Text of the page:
Film of the Month - October 2012
Films are an important feature of popular culture, but can they also be a vehicle for theological enquiry? Veritas thinks they can! Every month during the Year of Faith, we offer a Film of the Month, which we invite you to watch, reflect on and discuss. As an initiative for the Year of Faith, you might like to start a Year of Faith Film Club in your work, school or parish community where these films can be discussed and shared. Film reviews are kindly provided by Fr. John-Paul Sheridan PhD.
Film of the Month for October: The Mission
The Mission (1986) tells the story of a particular moment in the history of the Jesuits in South America in the eighteenth century.
It was directed by Roland Joffé, who also directed The Killing Fields (1984) and more recently There Be Dragons (2010). The story is based on true events, with the screenplay written by Robert Bolt, who had previously written the screenplays for such films as Ryan’s Daughter (1970), Lawrence of Arabia (1962) and A Man for All Seasons (1966).
The film starred Robert De Niro, Jeremy Irons, Cherie Lunghi, Aidan Quinn and Ray McAnally as Cardinal Altamirano. It also featured a young Liam Neeson in a supporting role. Another notable cast-member was the Jesuit priest and activist Daniel Berrigan, who played the role of Sebastian. The film was also noteworthy for its score, by the Italian composer, Ennio Morricone. The film was nominated for seven Academy Awards and won one for Best Cinematography; it was nominated for eleven Baftas and won three, including Best Supporting Actor for Ray McAnally; it also won two prizes at the Cannes Film Festival.
It was filmed in a number of countries in South America, including the waterfalls on the Iguaçu River in Brazil, and had a budget of $24.5 million.
The Mission is based on the aftermath of the 1750 Treaty of Madrid when seven of the Jesuit Missions known as Reductions situated in modern-day Paraguay were transferred from Spanish to Portuguese control. These seven missions had been settled by Guarani tribes. The Guarani were one of the dominant aboriginal tribes in these areas. Before the time of the Spanish conquest, the Guarani were widely scattered throughout the area, living by hunting, fishing, and gathering plant foods. They built homes of thatched huts around a central area or plaza and slept in netted hammocks woven on simple, upright looms. In the first half of the sixteenth century, the Spanish came to Guarani territory in search of gold, and Jesuit missionaries came later hoping to convert the Guarani to Christianity.
The character played by Ray McAnally is depicted as a cardinal, but in fact is based on a Spanish Jesuit, Luis Altamirano, who had been sent to Paraguay in 1752 by the Superior General to oversee the transfer of the Missions. The character played by Jeremy Irons is based on the Jesuit saint and martyr St Roque González de Santa Cruz, who was canonised by Pope John-Paul II in 1988.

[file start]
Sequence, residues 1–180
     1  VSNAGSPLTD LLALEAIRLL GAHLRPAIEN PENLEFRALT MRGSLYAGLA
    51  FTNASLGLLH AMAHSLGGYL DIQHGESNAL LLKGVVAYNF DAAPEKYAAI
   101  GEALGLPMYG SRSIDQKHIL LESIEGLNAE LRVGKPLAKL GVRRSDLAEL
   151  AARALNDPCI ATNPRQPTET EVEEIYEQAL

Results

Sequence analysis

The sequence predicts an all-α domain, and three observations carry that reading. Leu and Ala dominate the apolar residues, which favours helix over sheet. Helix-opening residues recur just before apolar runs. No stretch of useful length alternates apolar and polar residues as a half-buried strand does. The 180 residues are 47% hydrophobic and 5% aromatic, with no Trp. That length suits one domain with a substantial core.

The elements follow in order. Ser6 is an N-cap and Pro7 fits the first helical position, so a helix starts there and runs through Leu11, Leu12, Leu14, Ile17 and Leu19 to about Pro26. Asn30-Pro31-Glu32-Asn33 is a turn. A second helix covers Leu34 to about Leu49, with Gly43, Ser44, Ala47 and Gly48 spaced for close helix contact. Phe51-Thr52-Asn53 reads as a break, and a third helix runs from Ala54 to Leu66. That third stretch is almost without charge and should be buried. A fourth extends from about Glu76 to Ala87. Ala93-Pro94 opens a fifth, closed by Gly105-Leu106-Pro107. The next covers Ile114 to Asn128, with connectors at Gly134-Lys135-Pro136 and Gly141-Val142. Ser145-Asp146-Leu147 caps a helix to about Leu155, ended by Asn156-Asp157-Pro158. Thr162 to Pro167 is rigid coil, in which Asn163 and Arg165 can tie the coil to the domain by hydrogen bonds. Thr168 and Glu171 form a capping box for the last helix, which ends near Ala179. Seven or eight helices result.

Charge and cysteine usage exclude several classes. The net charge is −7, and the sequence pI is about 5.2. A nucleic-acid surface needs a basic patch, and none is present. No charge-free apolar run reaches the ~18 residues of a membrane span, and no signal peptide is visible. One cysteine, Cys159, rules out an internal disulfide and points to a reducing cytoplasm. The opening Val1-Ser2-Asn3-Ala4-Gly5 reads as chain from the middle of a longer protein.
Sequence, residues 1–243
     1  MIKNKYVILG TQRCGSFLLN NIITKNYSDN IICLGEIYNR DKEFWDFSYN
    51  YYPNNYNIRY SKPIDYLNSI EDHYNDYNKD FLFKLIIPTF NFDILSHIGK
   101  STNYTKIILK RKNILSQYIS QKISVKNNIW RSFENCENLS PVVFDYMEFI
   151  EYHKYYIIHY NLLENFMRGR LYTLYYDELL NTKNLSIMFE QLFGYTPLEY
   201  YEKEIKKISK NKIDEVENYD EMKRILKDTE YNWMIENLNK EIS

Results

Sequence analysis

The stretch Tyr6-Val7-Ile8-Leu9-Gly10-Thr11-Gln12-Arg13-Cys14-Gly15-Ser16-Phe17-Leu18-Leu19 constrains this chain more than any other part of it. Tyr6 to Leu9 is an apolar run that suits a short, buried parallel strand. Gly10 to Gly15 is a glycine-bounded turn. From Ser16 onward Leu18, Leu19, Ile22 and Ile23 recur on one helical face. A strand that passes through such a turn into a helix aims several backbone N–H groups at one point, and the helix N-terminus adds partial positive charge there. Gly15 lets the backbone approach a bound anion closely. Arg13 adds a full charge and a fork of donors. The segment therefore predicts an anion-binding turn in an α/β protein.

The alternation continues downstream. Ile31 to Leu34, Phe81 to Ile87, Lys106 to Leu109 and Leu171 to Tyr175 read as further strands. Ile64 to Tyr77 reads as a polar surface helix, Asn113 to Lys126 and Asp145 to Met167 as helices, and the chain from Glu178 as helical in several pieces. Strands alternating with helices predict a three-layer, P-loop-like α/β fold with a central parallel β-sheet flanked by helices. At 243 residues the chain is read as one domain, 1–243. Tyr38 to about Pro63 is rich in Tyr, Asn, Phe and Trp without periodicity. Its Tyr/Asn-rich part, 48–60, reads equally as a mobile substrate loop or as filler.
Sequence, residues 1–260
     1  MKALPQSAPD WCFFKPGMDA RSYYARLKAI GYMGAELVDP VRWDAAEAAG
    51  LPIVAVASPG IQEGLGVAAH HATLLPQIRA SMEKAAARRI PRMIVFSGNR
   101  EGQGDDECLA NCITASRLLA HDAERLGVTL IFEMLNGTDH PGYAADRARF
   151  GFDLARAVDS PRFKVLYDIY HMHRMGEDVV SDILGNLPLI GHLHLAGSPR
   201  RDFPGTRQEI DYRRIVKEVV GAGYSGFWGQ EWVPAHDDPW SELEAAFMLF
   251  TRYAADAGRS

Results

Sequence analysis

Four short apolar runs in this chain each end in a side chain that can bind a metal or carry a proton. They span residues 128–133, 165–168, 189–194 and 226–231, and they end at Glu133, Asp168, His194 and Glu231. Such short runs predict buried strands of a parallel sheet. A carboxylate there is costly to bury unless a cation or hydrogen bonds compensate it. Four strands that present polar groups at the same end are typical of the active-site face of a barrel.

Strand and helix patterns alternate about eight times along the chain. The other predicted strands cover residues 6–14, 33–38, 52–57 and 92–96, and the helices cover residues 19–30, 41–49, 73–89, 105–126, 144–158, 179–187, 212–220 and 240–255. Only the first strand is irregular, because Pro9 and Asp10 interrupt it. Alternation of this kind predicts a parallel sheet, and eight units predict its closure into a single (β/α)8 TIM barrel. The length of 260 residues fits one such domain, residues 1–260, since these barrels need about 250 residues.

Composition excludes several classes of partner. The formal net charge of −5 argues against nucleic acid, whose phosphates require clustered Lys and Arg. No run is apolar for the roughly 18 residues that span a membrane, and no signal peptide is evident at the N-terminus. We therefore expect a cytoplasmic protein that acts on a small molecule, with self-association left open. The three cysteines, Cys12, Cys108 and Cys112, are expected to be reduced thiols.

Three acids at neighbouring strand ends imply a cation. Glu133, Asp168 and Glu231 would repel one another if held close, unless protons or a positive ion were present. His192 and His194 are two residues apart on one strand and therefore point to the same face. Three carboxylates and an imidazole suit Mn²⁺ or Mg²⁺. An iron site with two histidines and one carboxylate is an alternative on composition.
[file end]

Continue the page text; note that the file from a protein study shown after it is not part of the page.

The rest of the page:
The battle which takes place at the end of the film is based on two different events separated by a hundred years: the Battle of Mbororé in 1641 took place when the Guarani attempted to protect themselves from slave traders and they were assisted by Jesuit missionaries; the second is based on the Guarani Wars of 1754–56, when they defended themselves against the armies of Spain and Portugal who were enforcing the terms of the Madrid Treaty.
The threat of suppression of the Jesuits, mentioned in the film, happened by the edict Dominus ac Redemptor of Pope Clement XIV in 1773.
- Power and eighteenth-century global politics
- Good vs. Evil
- Violence and Pacifism
For a film synopsis and questions for reflection, please click here.
You might like to read the passage from St Paul’s Letter to the Corinthians quoted in the film. You might also like to use one of these two Jesuit prayers.
The Scout’s or Soldier’s Prayer
Dearest Jesus, teach me to be generous
Teach me to love and serve you as you deserve
To give and not to count the cost
To fight and not to heed the wounds
To toil and not to seek for rest
To labour and to look for no reward,
save that of knowing that I do your holy will. Amen.
Take, Lord, and receive all my liberty,
my memory, my understanding,
and my entire will,
all I have and call my own.
You have given all to me.
To you, Lord, I return it.
Everything is yours; do with it what you will.
Give me only your love and your grace,
that is enough for me.
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